President TrumpDonald TrumpTexas announces election audit in four counties after Trump demand Schumer sets Monday showdown on debt ceiling-government funding bill Pennsylvania AG sues to block GOP subpoenas in election probe MORE on Monday signed an executive order seeking to expand the use of virtual doctors visits, as his administration looks to highlight achievements in health care.
The administration waived certain regulatory barriers to video and phone calls with doctors, known as telehealth, when the coronavirus pandemic struck and many people were stuck at home. Now, the administration is looking to make some of those changes permanent, arguing the moves will provide another option for patients to talk to their doctors.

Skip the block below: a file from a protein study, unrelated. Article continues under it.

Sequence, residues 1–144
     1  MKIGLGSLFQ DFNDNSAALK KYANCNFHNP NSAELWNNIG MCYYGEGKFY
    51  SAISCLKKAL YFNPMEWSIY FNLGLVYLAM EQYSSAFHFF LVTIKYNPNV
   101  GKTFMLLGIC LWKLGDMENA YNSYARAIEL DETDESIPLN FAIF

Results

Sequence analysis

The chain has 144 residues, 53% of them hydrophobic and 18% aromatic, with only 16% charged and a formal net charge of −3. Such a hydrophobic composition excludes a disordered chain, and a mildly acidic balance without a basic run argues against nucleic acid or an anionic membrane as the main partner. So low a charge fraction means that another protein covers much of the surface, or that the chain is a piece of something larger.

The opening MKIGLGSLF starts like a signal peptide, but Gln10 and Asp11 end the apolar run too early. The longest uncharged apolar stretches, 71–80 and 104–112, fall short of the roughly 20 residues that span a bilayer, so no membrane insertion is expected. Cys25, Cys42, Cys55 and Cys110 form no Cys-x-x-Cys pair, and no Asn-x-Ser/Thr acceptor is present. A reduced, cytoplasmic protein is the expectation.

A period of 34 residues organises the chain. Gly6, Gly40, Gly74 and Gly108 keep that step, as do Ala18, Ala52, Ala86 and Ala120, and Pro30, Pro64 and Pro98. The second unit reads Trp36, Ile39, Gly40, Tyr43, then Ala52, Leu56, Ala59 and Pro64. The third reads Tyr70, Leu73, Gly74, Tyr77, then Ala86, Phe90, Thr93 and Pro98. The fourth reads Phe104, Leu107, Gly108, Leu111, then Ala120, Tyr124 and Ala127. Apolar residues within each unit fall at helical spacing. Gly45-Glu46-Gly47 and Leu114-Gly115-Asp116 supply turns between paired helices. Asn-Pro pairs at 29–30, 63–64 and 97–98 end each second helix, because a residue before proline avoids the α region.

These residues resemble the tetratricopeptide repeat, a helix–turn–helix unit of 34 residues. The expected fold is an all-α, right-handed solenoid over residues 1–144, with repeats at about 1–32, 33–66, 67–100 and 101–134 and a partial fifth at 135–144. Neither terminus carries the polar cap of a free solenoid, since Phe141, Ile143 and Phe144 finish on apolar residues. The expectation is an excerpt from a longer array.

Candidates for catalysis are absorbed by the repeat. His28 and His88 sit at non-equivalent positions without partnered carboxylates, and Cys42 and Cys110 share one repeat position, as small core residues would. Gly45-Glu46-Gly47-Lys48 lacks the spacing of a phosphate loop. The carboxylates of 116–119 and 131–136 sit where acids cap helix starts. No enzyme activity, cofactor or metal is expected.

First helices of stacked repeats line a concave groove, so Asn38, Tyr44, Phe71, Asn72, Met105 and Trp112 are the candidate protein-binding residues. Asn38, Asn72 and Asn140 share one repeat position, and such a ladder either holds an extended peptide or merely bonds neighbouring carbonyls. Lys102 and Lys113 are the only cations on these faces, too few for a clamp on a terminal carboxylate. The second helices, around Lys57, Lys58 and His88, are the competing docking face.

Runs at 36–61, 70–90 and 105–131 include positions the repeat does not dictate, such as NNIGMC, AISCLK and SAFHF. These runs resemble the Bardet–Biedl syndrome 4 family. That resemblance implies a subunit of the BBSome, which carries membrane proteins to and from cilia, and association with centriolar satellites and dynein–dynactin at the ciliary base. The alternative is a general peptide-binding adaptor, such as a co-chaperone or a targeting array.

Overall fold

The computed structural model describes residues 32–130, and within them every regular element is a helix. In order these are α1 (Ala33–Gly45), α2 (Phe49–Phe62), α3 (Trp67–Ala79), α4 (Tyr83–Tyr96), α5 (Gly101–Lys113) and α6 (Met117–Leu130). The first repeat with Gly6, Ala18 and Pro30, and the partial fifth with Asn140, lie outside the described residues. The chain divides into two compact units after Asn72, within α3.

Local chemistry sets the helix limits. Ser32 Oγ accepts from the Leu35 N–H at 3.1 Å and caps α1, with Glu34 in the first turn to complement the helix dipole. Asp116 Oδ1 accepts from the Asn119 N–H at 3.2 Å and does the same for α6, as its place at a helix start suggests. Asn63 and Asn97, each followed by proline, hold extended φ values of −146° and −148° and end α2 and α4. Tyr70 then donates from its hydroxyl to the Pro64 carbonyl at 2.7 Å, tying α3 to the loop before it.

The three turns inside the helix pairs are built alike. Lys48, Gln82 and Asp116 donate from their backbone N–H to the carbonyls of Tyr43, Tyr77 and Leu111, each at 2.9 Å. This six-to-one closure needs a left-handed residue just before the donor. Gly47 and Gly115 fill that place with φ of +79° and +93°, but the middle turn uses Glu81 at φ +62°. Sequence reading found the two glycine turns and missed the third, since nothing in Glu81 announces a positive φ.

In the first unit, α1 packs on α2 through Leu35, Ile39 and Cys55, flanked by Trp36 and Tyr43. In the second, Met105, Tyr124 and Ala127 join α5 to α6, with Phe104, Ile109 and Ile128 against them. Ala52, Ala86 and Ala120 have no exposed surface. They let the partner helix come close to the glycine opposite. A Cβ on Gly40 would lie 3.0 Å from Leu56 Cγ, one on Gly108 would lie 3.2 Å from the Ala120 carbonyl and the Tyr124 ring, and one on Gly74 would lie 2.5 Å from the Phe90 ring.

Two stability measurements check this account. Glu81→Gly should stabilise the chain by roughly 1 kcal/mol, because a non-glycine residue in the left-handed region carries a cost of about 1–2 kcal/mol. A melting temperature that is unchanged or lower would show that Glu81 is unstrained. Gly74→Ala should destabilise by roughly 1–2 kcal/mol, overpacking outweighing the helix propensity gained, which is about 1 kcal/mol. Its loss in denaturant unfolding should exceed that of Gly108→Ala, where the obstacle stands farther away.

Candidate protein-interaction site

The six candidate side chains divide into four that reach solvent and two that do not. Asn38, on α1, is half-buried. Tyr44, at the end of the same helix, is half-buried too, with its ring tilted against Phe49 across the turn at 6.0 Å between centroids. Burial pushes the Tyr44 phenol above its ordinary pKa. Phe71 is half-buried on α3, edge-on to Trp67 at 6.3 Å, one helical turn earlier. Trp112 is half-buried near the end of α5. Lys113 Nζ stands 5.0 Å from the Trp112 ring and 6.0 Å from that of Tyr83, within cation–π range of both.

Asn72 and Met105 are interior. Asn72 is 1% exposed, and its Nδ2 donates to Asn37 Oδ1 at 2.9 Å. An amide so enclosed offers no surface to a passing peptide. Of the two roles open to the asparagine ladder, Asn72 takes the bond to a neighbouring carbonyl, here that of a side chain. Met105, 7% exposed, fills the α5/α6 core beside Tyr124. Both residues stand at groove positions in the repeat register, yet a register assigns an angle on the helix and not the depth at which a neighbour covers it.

The order calls on the secretary of Health and Human Services to issue rules within 60 days making some of the changes permanent.
“Today I’m taking action to make sure telehealth is here to stay,” Trump said during a White House news briefing.
The administration has been looking to highlight actions it is taking on health care, a key issue for voters as the election approaches. Trump last month signed four executive orders seeking to lower drug prices.
It is unclear when any of the changes proposed by these orders will actually take effect, though, given that there are still regulatory processes that take time to play out.
“In an earlier age, doctors commonly made house calls,” Centers for Medicare and Medicaid Service Administrator Seema Verma said in a statement. “Given how effectively and efficiently the healthcare system has adapted to the advent of telehealth, it’s become increasingly clear that it is poised to resurrect that tradition in modern form. Thanks to President Trump, the telehealth genie is not going back into the bottle.”
The order also calls on HHS to propose a new model that can be tested for how Medicare will pay for some health services in rural areas, with the goal of improving care in rural areas.